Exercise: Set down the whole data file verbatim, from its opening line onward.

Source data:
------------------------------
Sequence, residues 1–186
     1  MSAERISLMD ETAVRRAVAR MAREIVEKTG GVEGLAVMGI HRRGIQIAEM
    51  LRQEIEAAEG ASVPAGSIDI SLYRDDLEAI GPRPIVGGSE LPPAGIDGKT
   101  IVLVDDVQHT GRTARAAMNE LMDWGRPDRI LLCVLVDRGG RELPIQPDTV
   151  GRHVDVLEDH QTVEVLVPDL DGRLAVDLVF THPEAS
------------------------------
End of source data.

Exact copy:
Sequence, residues 1–186
     1  MSAERISLMD ETAVRRAVAR MAREIVEKTG GVEGLAVMGI HRRGIQIAEM
    51  LRQEIEAAEG ASVPAGSIDI SLYRDDLEAI GPRPIVGGSE LPPAGIDGKT
   101  IVLVDDVQHT GRTARAAMNE LMDWGRPDRI LLCVLVDRGG RELPIQPDTV
   151  GRHVDVLEDH QTVEVLVPDL DGRLAVDLVF THPEAS